Brayton, Indy Feud on Minds of U.S. 500 Drivers
BROOKLYN, Mich. (AP) _ At their final meeting before the U.S. 500, the drivers were told Saturday to keep Scott Brayton in their prayers and remember that the world will be comparing their rebel race to the Indianapolis 500.
``You guys know the attention is on us,″ said Tom Plotzke, a Indy-car official who coordinate the pre-race activities. ``Please give us your best shot.″
The Rev. Hunter Floyd, who travels with the circuit for Motorsports Ministries, said a prayer asking for a safe race and told the drivers to remember their brethren at the Indianapolis 500, which was boycotted by all of the top teams.
``They’re there because they have to be and we’re here because we have to be,″ he said. ``Let’s keep our fingers crossed for another 24 hours.″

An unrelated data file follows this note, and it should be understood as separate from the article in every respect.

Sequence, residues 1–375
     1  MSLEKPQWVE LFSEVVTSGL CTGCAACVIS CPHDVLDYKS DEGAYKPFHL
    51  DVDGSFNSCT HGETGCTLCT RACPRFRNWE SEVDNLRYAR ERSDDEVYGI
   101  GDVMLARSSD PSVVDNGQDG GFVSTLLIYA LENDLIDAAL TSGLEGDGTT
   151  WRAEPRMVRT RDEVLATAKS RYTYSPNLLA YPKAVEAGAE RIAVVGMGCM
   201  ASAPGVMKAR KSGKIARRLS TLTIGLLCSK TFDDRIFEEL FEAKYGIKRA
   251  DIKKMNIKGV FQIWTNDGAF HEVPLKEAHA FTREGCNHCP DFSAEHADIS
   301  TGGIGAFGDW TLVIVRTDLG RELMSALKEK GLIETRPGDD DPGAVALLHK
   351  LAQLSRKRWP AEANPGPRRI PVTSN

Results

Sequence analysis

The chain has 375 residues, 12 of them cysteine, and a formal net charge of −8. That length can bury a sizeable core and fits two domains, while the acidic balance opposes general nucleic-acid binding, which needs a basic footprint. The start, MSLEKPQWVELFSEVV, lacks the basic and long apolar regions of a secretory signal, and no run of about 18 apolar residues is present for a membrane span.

Floyd also mentioned Brayton, who was killed in practice after winning the pole for the Indy 500, which is being contested by a group of less-prominent drivers from the Indy Racing League.
``We lost one of our own a couple of weeks ago,″ the minister said.
As for the racing rules at Michigan, Indy-car officials announced a new double-file restart procedure after caution periods. Competitors on the lead lap will restart on the outside, while lapped drivers will move to the inside of the track.
The field will split when starter Jim Swintal displays crossed green and yellow flags.
A new procedure also will be used at the start of yellow-flag periods. Pit road will be closed and the pace car will take a position directly in front of the leader. When the field aligns behind the pace car, the pits will be opened and any competitor on the lead lap may come in; lapped cars will have to wait until the next time around the 2-mile oval.
In addition, there will be revised penalties for pit-lane violations. Exceeding the 80 mph speed limit will result in the driver having to take another run down pit road at the proper speed. Passing under the yellow remains a stop-and-go penalty.